Have We Seen The Worst For Mellanox?

By Stephen D. Simpson, CFA | January 04, 2013 AAA

In a year that was generally pretty tough for most semiconductor-related stocks, Mellanox (Nasdaq:MLNX) spent most of the year as a notable exception, with strong data center/storage demand feeding torrid growth. With that growth high valuations and high expectations came, but the stock spent most of the last quarter of 2012 selling off.

Now, the other shoe has dropped. Mellanox not only warned the Street that fourth quarter results would come in below expectations (the first-ever warning), but the magnitude of the miss was startling. With the shares crushed in aftermarket trading, the debate now is whether this is an overreaction to a small stumble from a high-growth company, or whether this marks the beginning of some serious challenges to this highly-valued stock.

Top Investment Trends For 2013: We go over a few investment trends for you to think about for 2013.

A Big Miss ... or Is It?
Mellanox announced after the close on Wednesday that fourth quarter revenue came in substantially lower than management expected. Instead of the approximately $148 million in revenue that management had looked for, the actual number seems closer to $120 million; in percentage terms, that marks a 23% sequential decline versus an expected decline of 6%.

The makeup of the miss is interesting, though. It sounds like a sizable percentage (about 70%) of the revenue miss can be tied to a vendor component issue (technical cabling) that impaired FDR 56Gb/s InfiniBand shipments. The remainder seems tied to weak market conditions (more on this in a moment).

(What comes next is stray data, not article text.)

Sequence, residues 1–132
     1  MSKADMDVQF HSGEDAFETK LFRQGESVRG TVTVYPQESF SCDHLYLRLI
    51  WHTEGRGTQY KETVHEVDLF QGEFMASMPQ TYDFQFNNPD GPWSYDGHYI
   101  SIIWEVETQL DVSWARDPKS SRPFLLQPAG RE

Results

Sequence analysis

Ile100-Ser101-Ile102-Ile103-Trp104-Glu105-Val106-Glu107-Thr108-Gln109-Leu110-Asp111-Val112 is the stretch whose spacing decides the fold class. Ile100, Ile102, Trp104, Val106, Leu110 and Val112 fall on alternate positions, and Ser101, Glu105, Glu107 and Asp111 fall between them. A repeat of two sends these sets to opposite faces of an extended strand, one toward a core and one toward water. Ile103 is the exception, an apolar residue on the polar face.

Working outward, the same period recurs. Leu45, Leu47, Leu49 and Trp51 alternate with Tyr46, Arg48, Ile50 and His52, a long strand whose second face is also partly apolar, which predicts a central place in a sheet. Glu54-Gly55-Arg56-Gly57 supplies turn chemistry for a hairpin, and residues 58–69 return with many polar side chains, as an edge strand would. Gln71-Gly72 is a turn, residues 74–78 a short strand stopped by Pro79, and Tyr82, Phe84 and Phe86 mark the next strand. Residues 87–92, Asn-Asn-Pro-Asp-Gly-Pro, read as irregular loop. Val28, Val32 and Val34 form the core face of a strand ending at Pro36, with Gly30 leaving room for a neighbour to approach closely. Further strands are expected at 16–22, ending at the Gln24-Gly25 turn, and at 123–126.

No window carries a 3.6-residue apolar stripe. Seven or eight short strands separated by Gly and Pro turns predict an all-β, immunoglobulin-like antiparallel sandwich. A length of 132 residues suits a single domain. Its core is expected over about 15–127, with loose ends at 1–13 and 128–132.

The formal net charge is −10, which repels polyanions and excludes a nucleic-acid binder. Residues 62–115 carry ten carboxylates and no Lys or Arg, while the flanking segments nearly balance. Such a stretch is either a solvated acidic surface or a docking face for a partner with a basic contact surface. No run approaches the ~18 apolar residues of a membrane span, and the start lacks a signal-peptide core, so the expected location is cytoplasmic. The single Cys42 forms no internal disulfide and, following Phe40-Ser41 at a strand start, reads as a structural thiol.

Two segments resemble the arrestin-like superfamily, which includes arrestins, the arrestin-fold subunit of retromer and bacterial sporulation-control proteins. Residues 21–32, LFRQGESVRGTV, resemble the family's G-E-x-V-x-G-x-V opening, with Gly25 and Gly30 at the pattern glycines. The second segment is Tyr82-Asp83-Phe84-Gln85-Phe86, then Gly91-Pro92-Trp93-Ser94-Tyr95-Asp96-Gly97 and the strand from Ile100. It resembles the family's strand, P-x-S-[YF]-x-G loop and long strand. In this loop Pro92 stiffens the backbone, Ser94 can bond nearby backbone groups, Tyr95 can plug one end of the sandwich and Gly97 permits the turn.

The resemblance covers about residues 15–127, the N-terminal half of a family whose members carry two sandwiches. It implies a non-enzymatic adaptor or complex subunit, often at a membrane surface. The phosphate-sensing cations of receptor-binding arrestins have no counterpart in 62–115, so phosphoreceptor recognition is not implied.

Interestingly, management maintained its guidance for gross margin and operating expenses. It's not normal for chip companies to post sizable revenue misses and still maintain margins, so this is an interesting occurrence for Mellanox.

SEE: Can Earnings Guidance Accurately Predict The Future?

A Pause, a Dip or a Cliff?
The fortunes of Mellanox are closely tied to the data center/data storage market, and that market has been weakening for a little while now. Major customers like Hewlett-Packard (NYSE:HPQ) and IBM (NYSE:IBM) have been reporting weaker data center end markets, and fears are mounting that EMC (NYSE:EMC) is setting up for a miss-and-lower fourth quarter.

"Big Data" has been such a common topic in tech that it has almost grown to be a cliché. Now it looks like demand is tapering off. The question, though, is whether customer demand has been sated or whether this is just a slowdown tied to macroeconomic concerns. Most of the demand drivers for storage still look to be in place, but investors have to be wary of the risks of falling into the "it's different this time" trap.

As it pertains to Mellanox, there are still valid drivers for 2013, including RoCE and 10G switching products. Oracle (Nasdaq:ORCL) has also been pretty optimistic with its guidance and expectations for Exadata, which is also a customer for Mellanox. What's more, it doesn't seem like Intel (Nasdaq:INTC) is really taking away much business so far, and if the "it's only a pause/dip" thesis on Big Data is true, the company should see a rebound in the second half of the year.

SEE: The Industry Handbook: The Semiconductor Industry

The Bottom Line
The good and bad news of Mellanox still revolves around growth and valuation. The stock has come down well off its highs, but that's not to say it's a particularly cheap stock yet, as it still trades at an EV/revenue multiple of close to five times.

What's more, even an assumption of more than a 20% compound annual growth rate in free cash flow (FCF) for a decade doesn't drive a remarkable price target. If Mellanox can grow revenue at a high teens rate and produce strong FCF margins in the 20% range, the resulting mid-20% range FCF growth only points to a fair value in the low $60s. While this may be the best chance investors will have in the near term of buying these shares at something like a reasonable valuation, investors should also note that this is a risky stock that still carries very high performance expectations.

At the time of writing, Stephen D. Simpson owned shares of EMC since 2012.

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